In most cases, your hair and your cat shouldn’t come to any harm because of this habit. However, some cats are prone to more self-destructive behaviors, such as overgrooming themselves and by extension, your hair. This can be brought on by allergies, pain, or stress, so this needs to be addressed if you’ve observed this issue with your cat.

cat grooming itself
Image by: Deedee86, Pixabay

Other cats tend to engage in cat suckling, also known as wool sucking, which is when an adult cat suckles on soft and fuzzy objects (blankets and toys, and some cats will overgroom as part of this behavior as well).

Some of the causes for wool sucking are:
  • It’s a natural instinct for many cats.
  • It’s a sign of a cat that was weaned at too young of an age.
  • It can be a part of their genetics (Oriental breeds are more prone to this behavior).
  • They are seeking comfort.
  • It can be a sign of stress.

As long as your cat isn’t literally chewing or eating your hair, hair licking is harmless. If you suspect your cat might be feeling stressed or is demonstrating inappropriate behavior, do take them to see your vet.

One risk to consider is that the threads of human hair can exacerbate the risk of hairballs in cats. Human hair can be much longer than cat fur, so the chances of hairballs becoming problematic are higher because of the drawstring effect. If one end of a long hair strand gets caught under the tongue or in the stomach, this could prevent it from continuing its way out. When the intestine tries to move the hair, it could end up folding upon itself, leading to a life-threatening situation. Therefore, you shouldn’t let your cat lick your hair, and you’ll need to regularly vacuum or sweep to prevent your cat from ingesting hair on the floor.

How to Stop It

As adorable as it is, some people will probably want the hair licking to cease. The first step is to ensure that you aren’t accidentally encouraging this behavior. If you give your cat any attention while they’re grooming your hair, you will be reinforcing this behavior. You need to avoid looking at, speaking to, or touching your cat while they are licking your hair.

If they like to lick your hair while you’re in bed, you can put the blankets over your head until they give up and leave. If they enjoy licking your hair while they’re lying on the back of the couch or chair behind you, just lean forward so they can’t reach your hair.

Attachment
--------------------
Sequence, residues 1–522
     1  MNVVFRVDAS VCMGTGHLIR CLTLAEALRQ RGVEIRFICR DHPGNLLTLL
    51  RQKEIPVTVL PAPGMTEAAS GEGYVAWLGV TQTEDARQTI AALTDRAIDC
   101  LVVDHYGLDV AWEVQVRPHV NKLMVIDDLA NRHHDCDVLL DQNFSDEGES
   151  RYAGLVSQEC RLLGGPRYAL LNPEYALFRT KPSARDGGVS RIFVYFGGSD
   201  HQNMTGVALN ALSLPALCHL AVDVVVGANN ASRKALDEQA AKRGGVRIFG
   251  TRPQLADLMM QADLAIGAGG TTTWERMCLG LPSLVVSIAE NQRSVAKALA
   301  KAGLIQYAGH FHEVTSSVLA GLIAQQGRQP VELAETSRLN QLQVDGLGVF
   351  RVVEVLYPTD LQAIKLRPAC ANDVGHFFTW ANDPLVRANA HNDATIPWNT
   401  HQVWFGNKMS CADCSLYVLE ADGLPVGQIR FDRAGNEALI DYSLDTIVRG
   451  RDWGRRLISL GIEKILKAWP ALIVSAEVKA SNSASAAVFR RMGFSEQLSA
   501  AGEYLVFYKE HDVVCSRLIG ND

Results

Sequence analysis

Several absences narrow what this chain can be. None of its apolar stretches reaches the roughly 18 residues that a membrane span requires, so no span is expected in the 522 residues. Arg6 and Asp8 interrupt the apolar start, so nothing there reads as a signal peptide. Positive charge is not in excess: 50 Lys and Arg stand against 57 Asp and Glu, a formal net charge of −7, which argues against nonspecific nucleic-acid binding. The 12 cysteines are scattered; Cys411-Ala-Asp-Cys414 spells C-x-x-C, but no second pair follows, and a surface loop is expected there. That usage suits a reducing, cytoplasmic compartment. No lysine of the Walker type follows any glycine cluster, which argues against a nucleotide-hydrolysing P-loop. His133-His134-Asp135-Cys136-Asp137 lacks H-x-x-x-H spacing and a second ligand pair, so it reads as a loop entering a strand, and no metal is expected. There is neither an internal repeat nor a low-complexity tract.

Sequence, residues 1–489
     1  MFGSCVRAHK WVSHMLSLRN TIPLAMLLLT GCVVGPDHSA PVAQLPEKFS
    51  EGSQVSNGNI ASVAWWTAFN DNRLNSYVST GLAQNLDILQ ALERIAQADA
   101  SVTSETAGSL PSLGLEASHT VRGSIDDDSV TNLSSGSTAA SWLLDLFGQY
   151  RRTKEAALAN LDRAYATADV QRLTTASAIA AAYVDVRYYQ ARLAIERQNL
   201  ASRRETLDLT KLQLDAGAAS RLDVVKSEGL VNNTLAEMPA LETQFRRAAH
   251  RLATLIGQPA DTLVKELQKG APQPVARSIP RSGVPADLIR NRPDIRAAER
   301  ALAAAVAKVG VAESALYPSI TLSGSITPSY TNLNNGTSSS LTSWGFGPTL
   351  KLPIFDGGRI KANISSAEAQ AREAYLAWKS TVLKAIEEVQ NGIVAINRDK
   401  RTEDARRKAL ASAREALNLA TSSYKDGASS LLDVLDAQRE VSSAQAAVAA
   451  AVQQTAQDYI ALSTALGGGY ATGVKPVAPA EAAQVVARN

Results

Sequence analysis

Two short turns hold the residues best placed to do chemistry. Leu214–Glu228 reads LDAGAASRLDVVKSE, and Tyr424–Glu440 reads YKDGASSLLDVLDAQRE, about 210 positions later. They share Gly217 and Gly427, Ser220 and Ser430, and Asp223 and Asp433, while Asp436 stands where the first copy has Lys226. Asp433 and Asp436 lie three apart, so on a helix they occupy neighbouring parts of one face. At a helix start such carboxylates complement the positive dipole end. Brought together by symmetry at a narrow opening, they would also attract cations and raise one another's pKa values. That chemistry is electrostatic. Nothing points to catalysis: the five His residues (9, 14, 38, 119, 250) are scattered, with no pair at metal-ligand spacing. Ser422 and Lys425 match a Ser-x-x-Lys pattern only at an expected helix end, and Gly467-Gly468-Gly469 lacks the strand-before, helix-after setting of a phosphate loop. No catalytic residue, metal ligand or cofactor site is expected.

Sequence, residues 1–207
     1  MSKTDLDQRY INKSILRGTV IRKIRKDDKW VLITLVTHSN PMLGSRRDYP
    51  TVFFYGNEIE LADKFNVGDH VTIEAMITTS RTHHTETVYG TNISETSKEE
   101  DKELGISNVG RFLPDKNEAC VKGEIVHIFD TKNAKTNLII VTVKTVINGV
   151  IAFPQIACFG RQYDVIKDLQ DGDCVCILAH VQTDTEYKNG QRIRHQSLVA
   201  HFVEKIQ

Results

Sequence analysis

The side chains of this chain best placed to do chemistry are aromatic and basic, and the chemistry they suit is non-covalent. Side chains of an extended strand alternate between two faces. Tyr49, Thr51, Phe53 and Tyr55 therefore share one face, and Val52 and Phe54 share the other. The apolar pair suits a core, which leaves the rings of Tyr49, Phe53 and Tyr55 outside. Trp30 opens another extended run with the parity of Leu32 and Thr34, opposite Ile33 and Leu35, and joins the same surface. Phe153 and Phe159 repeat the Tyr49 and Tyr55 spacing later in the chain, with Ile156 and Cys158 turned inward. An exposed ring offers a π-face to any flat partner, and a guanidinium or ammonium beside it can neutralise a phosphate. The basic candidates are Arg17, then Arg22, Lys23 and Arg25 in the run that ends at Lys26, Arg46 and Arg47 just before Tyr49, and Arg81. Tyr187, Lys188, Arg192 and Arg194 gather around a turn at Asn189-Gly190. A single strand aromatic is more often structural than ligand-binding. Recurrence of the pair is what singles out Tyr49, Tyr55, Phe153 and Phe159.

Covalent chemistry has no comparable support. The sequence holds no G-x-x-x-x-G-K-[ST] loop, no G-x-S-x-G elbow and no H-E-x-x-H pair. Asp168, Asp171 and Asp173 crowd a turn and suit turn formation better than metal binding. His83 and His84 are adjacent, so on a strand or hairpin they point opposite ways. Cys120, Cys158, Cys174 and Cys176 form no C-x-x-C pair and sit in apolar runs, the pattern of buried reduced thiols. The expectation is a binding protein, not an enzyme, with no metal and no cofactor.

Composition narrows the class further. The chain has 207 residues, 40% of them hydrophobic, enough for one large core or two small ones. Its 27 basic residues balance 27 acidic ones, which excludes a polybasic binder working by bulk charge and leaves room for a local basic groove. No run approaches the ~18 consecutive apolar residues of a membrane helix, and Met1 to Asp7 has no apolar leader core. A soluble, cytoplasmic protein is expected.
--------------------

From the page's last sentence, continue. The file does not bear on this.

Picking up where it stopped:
If you suspect your cat is drawn to a product you’re using in your hair, you could consider switching products. Cats also quite dislike the smell of citrus (oranges, lemons, limes, etc.), so you can use a lemon-scented product (for example) or spray your hair with a citrus scent (they also don’t like peppermint).

Of course, the simplest solution is to gently disengage yourself from your cat’s administrations and leave.

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In the long run, as long as your cat isn’t damaging your hair or being overly aggressive in their licking behavior, count yourself as a lucky person. It’s quite clear that your cat loves you and considers you one of their favorite people. However, it is best to avoid any risk of your cat eating your hair. The steps you can take to stop the behavior are pretty simple. Cats are certainly smart enough to understand that you’re not necessarily enjoying this kind of attention.

Our cats are full of quirks and make us laugh on a daily basis. Hair grooming their favorite human is just another idiosyncrasy that makes cats the unique and amazing animals they are.

Interested in learning about other odd cat behaviors? Check these out:

Featured Image Credit: Caterina Trimarchi, Shutterstock